It was hard to believe their youngest child was starting at the Academy today. Where had the time gone? Lauren hoped Cady would emulate her namesake and choose a career in the humanities, perhaps even history. Her oldest daughter, Hannah, seemed set on a path toward a career in engineering, and her middle daughter, Sarah, exhibited a strong affinity for the fine arts, though as a Year Six Explorer, she still had plenty of opportunities ahead of her before focusing her studies. But her love of art had developed early when she attended summer camp at the Castellani Art Museum. Lauren doubted much would change that. Of course, the lines between the disciplines had all but dissolved in the decades since the Great Integration. Now it was generally understood that no discipline was discrete. Naturalist John Muir’s words had provided inspiration to those attending the Center for the Future of Museums’ 2017 National Convention on Integration of Museology and Pedagogy. That inspiration now inscribed the campus entryway at the Academy: “When we try to pick out anything by itself, we find that it is bound fast by a thousand invisible cords that cannot be broken, to everything in the universe.”
Despite this understanding, students at the Academy, young and old alike, generally tended to ground their learning in one of the traditional fields, while fostering links to others as their interests led them. For instance, although Hannah loved mathematics, she was also a talented flutist. She found the patterns in both to be intuitive and predictable. They made sense to her, and they helped her to make sense of her world. Thankfully, she wouldn’t have to choose between one or the other as she entered her Final Phase at the Academy. This year she would be completing an independent study joint internship with the Buffalo Museum of Science and the Buffalo Philharmonic Orchestra that leveraged both her mathematics and musical backgrounds to creatively solve problems. Such joint projects were common among upper level students at the Academy, whose academic advisors helped them tailor learning plans geared toward their unique interests.
Funding for these endeavors was possible because all of the school districts in the western half of Niagara County had integrated decades ago into one large district, housed on the sprawling campus of the Academy. With streamlined administration and facilities, tax dollars could be reallocated to produce a completely revamped curriculum that included a collaboration between the Academy and all the museums in the Buffalo-Niagara region. Differentiated learning plans for each student were possible not only because there were sufficient numbers of like-minded students to fill classrooms, but also because the opportunities with area museums made independent study possible. The result was both a cohesive and a diverse academic community.
As a result of the Lifelong Learning Act, most schools in the United States had undertaken similar sweeping changes in collaboration with cultural institutions. Teaching standards that had focused too heavily on standardized assessments and STEM disciplines were blamed for the political turmoil in which the United States found itself in 2016. The time was ripe for the initiative to integrate museums and traditional schools that had been proposed at the Center for the Future of Museums 2017 national convention. The movement was known as the Great Integration. Desperate for a workable solution to the education crisis, legislators had leveraged the existing resources of America’s museums, and along with them, their museum education programs. Schoolteachers, exhausted and frustrated after years of standardized testing, were only too happy to endorse the movement. Gone were the days of didactic learning in sterile, static environments. Funding for the arts, music, history, and other humanities was restored.
Lauren worked as the museum education liaison at the Academy. She supervised a staff that coordinated the many links between the local museum community and the school. Academy teachers worked with museum educators to streamline museum visits aligned with school curriculum. Lauren also supervised the extensive internship program by which upper level students were placed with area museums. Their volunteer hours and youthful enthusiasm had been a boon to the heritage tourism industry in this former agricultural county. They complemented the quieter and wiser docents coming from area senior centers such as the Generations program.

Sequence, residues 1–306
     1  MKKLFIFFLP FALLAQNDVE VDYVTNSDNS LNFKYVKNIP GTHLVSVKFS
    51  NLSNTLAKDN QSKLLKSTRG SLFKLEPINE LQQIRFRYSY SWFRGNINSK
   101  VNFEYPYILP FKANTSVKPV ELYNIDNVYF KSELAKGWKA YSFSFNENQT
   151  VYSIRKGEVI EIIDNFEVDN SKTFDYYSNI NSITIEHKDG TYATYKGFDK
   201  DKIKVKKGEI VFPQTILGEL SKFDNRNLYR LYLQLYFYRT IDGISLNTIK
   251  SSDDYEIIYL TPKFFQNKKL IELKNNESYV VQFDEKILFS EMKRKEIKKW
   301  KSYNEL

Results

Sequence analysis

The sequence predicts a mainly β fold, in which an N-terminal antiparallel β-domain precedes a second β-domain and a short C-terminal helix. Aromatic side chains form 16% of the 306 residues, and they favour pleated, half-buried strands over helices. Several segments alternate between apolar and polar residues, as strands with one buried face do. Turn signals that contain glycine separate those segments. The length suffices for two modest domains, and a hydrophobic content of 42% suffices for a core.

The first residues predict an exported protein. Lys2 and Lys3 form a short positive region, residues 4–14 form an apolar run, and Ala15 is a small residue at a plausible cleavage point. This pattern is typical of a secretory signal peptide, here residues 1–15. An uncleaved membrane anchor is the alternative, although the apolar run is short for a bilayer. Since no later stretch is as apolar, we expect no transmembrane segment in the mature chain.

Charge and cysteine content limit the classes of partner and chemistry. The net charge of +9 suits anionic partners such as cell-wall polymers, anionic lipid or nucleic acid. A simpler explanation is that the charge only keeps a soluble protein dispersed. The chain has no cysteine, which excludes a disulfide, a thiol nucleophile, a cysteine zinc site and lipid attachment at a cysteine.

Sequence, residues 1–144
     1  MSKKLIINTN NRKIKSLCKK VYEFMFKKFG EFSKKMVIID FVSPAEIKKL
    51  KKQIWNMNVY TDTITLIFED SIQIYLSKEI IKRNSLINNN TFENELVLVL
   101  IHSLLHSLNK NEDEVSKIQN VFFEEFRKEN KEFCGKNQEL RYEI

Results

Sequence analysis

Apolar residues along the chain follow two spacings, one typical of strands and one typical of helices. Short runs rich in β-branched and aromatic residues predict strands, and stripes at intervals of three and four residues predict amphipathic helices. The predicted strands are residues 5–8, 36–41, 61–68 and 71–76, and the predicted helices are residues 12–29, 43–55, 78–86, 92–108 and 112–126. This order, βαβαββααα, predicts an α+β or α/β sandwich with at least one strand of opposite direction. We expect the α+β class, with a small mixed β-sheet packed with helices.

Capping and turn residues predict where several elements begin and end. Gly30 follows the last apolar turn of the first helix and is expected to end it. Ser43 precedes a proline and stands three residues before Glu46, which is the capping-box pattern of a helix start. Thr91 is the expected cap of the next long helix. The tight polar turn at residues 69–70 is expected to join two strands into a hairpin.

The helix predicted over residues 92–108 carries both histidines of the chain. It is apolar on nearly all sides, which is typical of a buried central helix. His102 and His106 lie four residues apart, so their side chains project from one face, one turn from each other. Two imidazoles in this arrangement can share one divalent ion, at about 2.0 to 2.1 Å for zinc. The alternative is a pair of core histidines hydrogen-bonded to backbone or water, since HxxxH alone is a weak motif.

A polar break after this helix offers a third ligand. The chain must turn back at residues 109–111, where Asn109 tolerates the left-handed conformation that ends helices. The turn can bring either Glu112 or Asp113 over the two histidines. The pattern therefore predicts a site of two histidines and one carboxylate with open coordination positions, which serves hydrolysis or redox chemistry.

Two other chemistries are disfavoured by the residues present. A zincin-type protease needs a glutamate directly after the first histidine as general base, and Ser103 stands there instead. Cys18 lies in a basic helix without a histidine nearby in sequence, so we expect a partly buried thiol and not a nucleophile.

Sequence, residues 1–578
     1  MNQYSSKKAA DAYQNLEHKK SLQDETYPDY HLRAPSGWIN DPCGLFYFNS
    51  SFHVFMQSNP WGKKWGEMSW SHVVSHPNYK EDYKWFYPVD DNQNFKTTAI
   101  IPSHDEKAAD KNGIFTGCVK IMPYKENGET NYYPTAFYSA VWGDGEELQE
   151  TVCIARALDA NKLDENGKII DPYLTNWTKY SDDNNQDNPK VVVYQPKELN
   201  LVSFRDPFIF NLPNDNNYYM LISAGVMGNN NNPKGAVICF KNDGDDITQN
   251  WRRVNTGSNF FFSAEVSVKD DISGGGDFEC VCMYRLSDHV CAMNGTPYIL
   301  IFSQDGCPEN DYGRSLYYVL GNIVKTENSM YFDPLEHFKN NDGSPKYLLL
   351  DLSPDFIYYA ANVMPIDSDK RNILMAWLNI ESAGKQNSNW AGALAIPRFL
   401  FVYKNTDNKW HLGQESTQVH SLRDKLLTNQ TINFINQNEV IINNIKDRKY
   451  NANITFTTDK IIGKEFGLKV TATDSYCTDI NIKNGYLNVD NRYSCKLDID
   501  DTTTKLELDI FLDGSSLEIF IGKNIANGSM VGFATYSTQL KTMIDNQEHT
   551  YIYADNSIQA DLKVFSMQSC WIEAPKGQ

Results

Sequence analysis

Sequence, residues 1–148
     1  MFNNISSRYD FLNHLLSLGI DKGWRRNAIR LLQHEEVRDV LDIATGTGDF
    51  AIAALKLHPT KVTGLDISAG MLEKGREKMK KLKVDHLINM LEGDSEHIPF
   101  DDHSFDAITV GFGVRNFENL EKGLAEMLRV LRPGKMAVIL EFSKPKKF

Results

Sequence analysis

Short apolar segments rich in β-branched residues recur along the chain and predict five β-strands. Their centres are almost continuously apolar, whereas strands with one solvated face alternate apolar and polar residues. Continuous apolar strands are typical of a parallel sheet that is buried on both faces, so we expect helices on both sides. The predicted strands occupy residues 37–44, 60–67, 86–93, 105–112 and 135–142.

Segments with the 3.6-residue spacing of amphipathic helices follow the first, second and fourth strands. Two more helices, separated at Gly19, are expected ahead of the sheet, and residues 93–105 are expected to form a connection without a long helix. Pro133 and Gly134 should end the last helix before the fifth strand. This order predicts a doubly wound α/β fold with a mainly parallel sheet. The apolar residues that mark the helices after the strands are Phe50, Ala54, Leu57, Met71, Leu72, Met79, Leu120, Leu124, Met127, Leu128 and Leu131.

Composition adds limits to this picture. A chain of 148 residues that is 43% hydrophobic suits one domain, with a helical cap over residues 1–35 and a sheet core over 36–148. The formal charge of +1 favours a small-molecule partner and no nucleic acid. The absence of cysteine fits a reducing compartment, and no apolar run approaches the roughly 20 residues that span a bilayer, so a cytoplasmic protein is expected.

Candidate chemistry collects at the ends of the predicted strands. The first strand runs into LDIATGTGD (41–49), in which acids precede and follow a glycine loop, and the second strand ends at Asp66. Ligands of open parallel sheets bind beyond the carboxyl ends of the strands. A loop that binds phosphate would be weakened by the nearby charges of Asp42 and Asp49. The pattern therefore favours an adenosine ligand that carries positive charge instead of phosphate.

Working together, schools, museums, and economic development agencies had managed to bring a renaissance to the area, in part through heritage tourism. Decaying neighborhoods were revitalized with tourist dollars, and area museums helped restore a sense of pride to the struggling county. Indeed, as Muir said, the various components of life in the Niagara Region were “bound fast by a thousand invisible cords that cannot be broken.”
This morning, Lauren would be coordinating visits from the education director of the Albright-Knox Art Gallery. A teacher in the academy’s pre-med exploratory program was planning to enhance her students’ observation skills–so that they could better detect symptoms in their patients–by teaching them how to observe the sometimes elusive details of fine art. Just as Lauren’s mind began to spin with the details of her day ahead, Cady popped her head around their bedroom door.
“Is it breakfast time yet? I’m ready!”
* * *
An hour later, Cady and Lauren walked past the Muir inscription into the Great Hall, adorned with sculpture and paintings. Costumed interpreters were dispersed throughout, standing alongside temporary informational tables describing the various internships and experiential learning opportunities available with their organizations.
“Mom, come see our exhibit!” Sarah entreated, pulling Lauren toward the east wall where Sarah had helped choose works for a Great Lakes Wildlife exhibit as part of a summer camp program combining art and living organisms.
Just then, a Continental soldier standing near a Calder mobile called out, “Miss Cady!” “General Porter, at your service. Welcome to school, my dear.”
Cady ran over and threw her arms around the man. “Can I come work at your museum today, Mr. Diaz? I’m gonna be a historian when I grow up!”
“Bye Mom,” Hannah waved. She disappeared through the archway leading to the courtyard, recently redesigned by a joint effort between the Academy’s landscape architecture class and the Niagara Parks Botanical Garden.
“Mom, over here!” Sarah drew Lauren’s attention back to the east wall.
Lauren’s heart swelled.